Page 116. Line 6. frm the Bottom

Dr E Darwin had always a great objection to nurses who squinted, & who had an unpleasant expression of countenance – he thought children were much influenced by it

118 – Amongst other curious inventions, was a clock, to watch the watchman – it was invented by Dr E Darwin & Mr. William Strutt - & we long had one in our possession – I think my Brother Darwin must have it now –

126. I always understood my grandfather had only regularly taken up his abode at the Priory about 3. weeks before his death, as several rooms had to be built after his son Erasmus died.


Page 127 – line 5 – Evidently a mis-print

died April 18th (not the 10th)

Dr E Darwin had a severe illness 2 or 3. years before his death, & in his delirium, he often fancied himself a tree - & my mother used to say, how painful it was, as she sat by his bedside – he would point to his heart & say – "If you would only cut out this decayed part, the tree would live" –


The Picture by Rolleston was taken after his illness –


In the Book – of Holland House, published abt. 1874 – Some lines on one of the trees there, was quoted, as having been written by Rogers – an old friend of ours, & especially of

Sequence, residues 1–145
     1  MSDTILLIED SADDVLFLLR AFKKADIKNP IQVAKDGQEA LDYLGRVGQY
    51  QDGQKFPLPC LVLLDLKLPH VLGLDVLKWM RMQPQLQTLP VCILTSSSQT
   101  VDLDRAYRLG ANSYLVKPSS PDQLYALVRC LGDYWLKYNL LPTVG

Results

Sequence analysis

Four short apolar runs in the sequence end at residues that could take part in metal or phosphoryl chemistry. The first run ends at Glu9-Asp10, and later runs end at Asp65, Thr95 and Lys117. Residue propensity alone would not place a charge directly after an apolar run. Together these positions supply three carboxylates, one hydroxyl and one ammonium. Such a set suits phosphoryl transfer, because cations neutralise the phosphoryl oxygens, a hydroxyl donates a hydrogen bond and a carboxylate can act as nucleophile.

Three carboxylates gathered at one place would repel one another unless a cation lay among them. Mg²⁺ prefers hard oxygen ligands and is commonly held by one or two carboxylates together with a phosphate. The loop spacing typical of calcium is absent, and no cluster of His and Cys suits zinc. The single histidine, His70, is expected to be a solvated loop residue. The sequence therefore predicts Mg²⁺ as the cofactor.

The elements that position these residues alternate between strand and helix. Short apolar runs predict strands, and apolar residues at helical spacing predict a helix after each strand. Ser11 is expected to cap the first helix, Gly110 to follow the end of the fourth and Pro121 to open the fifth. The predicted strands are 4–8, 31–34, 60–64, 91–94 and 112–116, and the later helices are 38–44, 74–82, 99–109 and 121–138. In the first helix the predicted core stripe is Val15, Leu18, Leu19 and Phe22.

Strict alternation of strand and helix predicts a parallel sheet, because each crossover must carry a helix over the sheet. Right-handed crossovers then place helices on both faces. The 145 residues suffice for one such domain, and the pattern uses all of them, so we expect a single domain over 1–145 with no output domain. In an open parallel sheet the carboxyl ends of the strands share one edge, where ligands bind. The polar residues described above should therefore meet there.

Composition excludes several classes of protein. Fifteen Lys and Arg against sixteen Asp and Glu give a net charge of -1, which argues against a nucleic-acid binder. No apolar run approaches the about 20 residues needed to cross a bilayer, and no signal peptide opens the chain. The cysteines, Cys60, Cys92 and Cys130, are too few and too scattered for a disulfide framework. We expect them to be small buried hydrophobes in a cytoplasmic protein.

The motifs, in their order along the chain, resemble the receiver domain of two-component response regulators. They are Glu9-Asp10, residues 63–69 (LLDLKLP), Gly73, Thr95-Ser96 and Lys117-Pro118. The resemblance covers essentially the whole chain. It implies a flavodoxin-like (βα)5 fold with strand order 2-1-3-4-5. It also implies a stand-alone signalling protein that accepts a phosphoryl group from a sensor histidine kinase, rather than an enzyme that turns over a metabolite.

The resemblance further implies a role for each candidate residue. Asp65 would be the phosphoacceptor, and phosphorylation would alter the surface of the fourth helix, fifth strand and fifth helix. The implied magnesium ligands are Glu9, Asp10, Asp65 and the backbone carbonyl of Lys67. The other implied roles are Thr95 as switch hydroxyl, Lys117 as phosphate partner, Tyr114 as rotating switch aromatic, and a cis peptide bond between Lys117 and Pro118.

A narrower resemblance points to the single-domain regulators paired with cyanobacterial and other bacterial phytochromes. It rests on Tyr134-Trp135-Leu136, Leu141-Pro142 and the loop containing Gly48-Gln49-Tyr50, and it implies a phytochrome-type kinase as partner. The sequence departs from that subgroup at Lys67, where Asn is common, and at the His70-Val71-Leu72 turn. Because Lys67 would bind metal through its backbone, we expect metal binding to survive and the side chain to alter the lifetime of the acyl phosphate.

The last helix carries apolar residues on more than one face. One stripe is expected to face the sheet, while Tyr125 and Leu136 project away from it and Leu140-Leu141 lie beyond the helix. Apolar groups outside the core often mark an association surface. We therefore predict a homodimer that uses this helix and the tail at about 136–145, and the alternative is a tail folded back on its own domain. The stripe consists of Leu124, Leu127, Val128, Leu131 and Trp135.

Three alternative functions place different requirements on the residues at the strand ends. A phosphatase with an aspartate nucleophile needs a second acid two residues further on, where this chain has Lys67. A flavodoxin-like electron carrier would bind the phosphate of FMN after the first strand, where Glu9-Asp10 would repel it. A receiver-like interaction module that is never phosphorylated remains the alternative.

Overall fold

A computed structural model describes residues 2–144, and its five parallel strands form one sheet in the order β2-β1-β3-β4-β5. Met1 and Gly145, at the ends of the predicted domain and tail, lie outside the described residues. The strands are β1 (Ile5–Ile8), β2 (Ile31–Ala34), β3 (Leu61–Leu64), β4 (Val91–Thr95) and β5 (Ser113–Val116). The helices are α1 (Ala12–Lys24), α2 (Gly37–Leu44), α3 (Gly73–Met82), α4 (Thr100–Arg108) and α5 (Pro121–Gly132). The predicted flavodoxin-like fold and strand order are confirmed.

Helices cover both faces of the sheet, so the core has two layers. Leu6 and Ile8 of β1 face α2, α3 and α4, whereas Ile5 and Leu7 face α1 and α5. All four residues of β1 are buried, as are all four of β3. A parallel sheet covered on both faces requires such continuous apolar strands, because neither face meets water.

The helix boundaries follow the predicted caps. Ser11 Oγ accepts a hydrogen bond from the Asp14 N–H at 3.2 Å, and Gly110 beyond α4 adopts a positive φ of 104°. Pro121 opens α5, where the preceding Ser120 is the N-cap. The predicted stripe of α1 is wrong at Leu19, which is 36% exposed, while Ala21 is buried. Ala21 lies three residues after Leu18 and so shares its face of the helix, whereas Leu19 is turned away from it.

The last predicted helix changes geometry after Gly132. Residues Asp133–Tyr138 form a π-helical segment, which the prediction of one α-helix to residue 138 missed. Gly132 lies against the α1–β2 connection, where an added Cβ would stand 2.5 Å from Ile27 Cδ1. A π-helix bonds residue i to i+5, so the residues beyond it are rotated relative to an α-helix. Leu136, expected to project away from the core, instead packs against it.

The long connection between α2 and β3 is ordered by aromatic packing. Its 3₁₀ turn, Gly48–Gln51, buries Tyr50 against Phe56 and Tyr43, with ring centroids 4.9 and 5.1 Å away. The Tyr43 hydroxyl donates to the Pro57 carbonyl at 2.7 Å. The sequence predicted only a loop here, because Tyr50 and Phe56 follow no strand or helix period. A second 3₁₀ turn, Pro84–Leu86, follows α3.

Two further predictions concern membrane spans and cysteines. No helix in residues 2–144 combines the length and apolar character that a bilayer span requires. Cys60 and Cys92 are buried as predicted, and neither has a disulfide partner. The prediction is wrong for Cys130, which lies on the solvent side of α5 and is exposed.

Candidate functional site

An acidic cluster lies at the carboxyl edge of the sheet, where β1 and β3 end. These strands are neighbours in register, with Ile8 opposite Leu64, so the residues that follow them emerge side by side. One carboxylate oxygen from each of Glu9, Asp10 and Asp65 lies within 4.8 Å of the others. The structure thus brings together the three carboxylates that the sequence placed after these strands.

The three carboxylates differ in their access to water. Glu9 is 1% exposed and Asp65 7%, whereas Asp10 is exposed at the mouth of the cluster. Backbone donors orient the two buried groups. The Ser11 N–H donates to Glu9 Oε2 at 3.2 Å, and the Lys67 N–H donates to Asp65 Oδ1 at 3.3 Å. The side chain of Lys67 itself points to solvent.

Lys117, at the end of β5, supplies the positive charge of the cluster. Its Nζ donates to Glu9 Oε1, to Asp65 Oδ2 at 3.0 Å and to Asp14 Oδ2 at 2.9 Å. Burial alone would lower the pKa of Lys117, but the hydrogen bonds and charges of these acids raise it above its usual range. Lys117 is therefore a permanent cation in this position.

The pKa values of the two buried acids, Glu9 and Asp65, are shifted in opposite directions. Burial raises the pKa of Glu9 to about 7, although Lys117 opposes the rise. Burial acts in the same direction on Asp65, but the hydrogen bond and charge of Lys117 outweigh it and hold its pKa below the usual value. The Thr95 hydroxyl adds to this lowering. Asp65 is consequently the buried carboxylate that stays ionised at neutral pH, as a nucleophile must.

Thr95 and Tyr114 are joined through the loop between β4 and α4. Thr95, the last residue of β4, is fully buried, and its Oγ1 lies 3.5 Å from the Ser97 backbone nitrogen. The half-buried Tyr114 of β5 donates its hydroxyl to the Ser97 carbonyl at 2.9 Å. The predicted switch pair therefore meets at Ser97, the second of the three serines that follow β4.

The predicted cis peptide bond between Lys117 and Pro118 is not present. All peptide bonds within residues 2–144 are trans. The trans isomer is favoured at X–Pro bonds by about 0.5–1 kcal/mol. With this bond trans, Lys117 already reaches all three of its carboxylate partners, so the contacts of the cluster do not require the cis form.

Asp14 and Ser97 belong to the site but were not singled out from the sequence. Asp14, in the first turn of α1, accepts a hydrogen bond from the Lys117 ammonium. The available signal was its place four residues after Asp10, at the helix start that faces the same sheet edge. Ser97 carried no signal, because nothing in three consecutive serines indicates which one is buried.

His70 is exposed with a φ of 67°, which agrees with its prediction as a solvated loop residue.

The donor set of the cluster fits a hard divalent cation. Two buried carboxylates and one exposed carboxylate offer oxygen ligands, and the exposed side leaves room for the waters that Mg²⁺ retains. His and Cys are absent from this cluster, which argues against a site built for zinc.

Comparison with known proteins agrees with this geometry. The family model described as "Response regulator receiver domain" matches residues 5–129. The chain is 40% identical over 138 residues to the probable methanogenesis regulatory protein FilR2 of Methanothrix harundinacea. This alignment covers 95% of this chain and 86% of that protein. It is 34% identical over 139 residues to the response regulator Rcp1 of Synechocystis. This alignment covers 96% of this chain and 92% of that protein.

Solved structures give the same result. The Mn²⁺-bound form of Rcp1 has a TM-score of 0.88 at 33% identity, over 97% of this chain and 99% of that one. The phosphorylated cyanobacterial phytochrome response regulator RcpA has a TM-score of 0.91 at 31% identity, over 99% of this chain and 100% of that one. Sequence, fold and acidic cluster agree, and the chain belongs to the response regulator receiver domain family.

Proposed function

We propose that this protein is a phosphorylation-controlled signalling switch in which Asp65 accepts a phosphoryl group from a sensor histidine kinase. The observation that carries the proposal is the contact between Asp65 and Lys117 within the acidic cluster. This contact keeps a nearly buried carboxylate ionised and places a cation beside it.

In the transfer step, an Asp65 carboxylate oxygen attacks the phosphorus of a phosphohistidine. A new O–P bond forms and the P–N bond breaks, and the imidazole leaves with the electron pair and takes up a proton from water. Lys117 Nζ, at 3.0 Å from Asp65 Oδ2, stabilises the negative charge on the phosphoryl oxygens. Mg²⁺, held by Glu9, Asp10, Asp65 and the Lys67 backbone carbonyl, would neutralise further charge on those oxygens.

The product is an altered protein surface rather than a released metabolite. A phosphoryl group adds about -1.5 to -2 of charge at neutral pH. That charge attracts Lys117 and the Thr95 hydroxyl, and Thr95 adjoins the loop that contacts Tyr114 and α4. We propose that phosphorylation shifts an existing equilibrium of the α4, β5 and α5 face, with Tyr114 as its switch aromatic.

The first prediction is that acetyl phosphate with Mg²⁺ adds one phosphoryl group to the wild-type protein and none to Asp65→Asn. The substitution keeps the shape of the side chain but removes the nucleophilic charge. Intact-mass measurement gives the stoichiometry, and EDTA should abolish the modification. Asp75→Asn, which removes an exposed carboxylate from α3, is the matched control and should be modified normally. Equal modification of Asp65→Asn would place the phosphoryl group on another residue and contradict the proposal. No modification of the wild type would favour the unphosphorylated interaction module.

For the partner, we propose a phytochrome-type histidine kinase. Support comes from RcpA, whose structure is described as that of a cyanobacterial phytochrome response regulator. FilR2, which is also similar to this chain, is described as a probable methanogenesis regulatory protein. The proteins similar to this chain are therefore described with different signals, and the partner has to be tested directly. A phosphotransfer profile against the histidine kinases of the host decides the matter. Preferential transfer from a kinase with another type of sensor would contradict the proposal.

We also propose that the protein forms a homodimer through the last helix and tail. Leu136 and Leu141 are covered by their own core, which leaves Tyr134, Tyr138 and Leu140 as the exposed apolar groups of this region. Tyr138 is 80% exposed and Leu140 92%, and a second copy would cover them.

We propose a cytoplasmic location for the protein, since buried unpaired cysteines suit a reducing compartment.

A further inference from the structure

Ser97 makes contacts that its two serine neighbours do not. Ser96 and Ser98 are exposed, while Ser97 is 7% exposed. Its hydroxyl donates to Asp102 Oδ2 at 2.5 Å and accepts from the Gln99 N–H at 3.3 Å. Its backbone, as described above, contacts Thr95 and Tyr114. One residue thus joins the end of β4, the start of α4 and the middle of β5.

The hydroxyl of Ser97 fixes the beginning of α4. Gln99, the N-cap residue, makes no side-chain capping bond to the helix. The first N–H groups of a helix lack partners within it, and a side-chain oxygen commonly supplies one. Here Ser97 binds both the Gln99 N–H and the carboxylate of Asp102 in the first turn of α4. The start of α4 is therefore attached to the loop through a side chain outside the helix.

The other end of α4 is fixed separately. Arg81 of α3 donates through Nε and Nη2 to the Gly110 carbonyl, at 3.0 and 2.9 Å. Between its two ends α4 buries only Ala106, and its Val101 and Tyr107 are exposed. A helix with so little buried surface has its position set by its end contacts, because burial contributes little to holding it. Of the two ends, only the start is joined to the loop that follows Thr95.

W. Keer's (Dr. Alexr. Blair) then much upwards of 90 – wrote to us saying the lines were not Rogers, but Dr. Darwin's – an ode to Swilear Oak in Needwood Forest – on making enquiries, we found it, in the Phytologia - & originally written to Mr Mundy – who wrote on Needwood forest & received complimentary verses frm Dr. E Darwin. His son, Erasmus, Sir Brook Boothby & others –


How well you have explained at Page 80 – about my grandfather having a large appetite –

We are glad to hear that your son Horace is going soon to be married, in a way you all like


With our kind regards to yourself & Mrs Darwin & yr family

Believe me

Your's very sincerely

E. S. Galton

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Citation: John van Wyhe, ed. 2002-. The Complete Work of Charles Darwin Online. (

File last updated 17 October, 2023